The 7-2 ruling elevating the legal status of nonhuman animals arose from the case of a woolly monkey called Estrellita. She was taken from the wild illegally and lived with the family of librarian Ana Beatriz Burbano Proano from the time she was one month old.
Estrellita lived with the family for 18 years as a pet, learning to communicate with them using sounds and gestures, and she even took on their customs. However, because owning wild animals is illegal in Ecuador, authorities seized Estrellita in 2019. They brought her to a zoo, where she died a month later after suffering a sudden cardio-respiratory arrest.
Prior to learning of her death, Burbano filed a court case to get the monkey back, citing the distress she would have been experiencing after being abruptly taken from the only life she had ever known.
The case presented scientific evidence of the social and cognitive complexity of the woolly monkey species to argue that the monkey deserved the right to “bodily liberty” and that the "environmental authority should have protected Estrellita's rights by examining her specific circumstances before placing her in the zoo."
Ultimately, the court ruled that both the authorities and Burbano had violated the monkey’s rights. Burbano violated Estrellita’s rights by taking her from the wild in the first place, while the authorities didn’t consider her needs before they relocated her. In addition, the court proposed that Ecuador’s Ministry of the Environment create new legislation and procedures to better uphold wild animals’ constitutional rights moving forward.
In its 7-2 ruling, the court wrote: "The domestication and humanization of wild animals are phenomena that have a great impact on the maintenance of ecosystems and the balance of nature, as they cause the progressive decline of animal populations."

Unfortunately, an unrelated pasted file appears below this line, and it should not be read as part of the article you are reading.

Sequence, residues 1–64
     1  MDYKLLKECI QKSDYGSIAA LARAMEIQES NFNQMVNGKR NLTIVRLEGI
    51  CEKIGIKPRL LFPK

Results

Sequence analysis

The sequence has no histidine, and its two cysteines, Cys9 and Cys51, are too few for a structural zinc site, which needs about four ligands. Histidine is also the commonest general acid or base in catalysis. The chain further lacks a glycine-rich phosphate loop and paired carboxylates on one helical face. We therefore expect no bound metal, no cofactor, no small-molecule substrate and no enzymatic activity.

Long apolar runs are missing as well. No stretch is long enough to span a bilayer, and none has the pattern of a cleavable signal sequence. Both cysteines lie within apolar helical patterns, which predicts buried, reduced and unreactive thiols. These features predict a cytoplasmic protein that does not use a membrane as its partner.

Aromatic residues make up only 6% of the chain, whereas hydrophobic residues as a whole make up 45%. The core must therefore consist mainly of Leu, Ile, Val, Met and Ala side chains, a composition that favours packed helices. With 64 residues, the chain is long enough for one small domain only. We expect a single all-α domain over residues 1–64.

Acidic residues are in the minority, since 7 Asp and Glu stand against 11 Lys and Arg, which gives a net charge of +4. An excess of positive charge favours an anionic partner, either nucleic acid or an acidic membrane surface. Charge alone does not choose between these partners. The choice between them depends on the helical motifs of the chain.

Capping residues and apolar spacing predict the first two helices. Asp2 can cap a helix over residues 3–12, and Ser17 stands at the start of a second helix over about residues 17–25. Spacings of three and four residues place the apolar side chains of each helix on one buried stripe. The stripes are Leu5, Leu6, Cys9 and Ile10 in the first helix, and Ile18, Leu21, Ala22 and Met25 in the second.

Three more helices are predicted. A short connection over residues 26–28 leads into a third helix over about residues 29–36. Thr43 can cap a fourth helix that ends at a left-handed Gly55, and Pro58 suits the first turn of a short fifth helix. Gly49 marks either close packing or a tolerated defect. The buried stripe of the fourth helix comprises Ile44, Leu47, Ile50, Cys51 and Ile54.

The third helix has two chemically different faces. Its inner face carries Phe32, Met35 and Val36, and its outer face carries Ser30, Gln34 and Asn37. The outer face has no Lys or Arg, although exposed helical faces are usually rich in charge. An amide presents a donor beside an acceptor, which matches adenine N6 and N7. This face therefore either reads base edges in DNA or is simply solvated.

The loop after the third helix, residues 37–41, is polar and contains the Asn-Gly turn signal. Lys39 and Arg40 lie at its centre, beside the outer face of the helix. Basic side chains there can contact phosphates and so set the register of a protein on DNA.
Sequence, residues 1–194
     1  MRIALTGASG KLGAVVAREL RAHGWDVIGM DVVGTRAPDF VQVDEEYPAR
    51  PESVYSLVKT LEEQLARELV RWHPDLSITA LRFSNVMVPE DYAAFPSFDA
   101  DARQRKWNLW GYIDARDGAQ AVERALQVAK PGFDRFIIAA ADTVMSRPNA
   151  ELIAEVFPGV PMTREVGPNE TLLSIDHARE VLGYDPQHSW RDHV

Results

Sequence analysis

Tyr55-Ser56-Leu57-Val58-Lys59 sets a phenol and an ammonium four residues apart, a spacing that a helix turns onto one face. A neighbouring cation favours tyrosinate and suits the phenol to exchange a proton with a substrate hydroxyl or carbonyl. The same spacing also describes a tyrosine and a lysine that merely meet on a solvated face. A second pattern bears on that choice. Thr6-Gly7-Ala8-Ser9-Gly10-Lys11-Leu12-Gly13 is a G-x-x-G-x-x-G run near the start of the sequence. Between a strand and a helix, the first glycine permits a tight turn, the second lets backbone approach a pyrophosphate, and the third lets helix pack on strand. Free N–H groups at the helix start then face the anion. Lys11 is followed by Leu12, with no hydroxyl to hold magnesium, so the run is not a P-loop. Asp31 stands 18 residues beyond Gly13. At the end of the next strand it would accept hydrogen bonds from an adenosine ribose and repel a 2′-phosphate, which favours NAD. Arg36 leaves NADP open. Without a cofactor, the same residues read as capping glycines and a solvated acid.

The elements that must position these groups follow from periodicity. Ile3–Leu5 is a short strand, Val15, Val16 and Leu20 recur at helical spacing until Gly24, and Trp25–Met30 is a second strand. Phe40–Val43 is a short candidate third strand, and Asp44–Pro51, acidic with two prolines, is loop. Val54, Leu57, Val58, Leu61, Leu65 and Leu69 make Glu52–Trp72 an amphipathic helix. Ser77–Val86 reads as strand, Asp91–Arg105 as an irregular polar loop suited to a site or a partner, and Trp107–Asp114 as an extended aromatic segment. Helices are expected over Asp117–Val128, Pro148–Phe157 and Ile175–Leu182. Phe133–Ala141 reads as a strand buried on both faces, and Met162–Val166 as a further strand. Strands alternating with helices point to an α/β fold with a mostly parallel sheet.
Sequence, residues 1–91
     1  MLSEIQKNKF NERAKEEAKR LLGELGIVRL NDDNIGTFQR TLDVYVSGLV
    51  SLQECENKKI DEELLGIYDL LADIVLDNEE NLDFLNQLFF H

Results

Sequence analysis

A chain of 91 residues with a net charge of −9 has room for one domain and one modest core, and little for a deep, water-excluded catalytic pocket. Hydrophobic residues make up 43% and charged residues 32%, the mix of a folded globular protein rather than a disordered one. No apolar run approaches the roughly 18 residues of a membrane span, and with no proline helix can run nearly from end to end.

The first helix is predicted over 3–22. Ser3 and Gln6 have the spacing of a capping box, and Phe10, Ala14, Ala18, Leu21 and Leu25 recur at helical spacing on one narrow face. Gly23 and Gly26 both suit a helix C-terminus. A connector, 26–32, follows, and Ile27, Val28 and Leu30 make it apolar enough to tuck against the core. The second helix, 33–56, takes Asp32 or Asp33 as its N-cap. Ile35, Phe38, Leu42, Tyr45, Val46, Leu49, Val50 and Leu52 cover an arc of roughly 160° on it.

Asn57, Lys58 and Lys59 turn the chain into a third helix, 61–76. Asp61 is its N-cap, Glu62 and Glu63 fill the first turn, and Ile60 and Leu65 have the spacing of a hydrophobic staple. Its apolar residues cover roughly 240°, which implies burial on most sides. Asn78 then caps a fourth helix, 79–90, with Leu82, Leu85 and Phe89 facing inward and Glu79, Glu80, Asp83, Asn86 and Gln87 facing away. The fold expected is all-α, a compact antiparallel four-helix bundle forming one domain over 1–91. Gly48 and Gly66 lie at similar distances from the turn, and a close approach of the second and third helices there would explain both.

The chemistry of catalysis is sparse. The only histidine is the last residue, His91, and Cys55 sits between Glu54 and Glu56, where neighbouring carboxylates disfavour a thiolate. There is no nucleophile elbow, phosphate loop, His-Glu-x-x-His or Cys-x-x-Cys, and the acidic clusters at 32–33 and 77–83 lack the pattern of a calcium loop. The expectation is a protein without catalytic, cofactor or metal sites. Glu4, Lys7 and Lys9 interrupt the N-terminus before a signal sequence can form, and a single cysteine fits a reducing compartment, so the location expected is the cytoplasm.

Although it is considered a groundbreaking ruling, it is not the first time that an Ecuadorian court has ruled in favor of nature. In 2008, it became the first country in the world to officially recognize the rights of nature at the constitutional level; Estrellita’s case was the first to apply this law to wild animals. A landmark ruling in the country last year found that mining activities in a protected cloud forest were a violation of the rights of nature.
Ecuadorian environmental lawyer Hugo Echeverria stated: “While rights of nature were enshrined in the constitution, it was not clear prior to this decision whether individual animals could benefit from the rights of nature and be considered rights holders as a part of nature. The court has stated that animals are subject of rights, protected by rights of nature.”
It is important to note that the ruling does not equate animals to human beings. However, it does extend them the rights to “exist, flourished and evolve” within the context of ecological processes such as predation and other biological interactions between species.
Harvard University law professor Kristen Stilt told the media: “What makes this decision so important is that now the rights of nature can be used to benefit small groups or individual animals. That makes rights of nature a far more powerful tool than perhaps we have seen before.”
The court also noted that animals have an individual value that is not related to their usefulness to human beings and that “wild species and their individuals have the right not to be hunted, fished, captured, collected, extracted, kept, retained, trafficked, traded or exchanged.”
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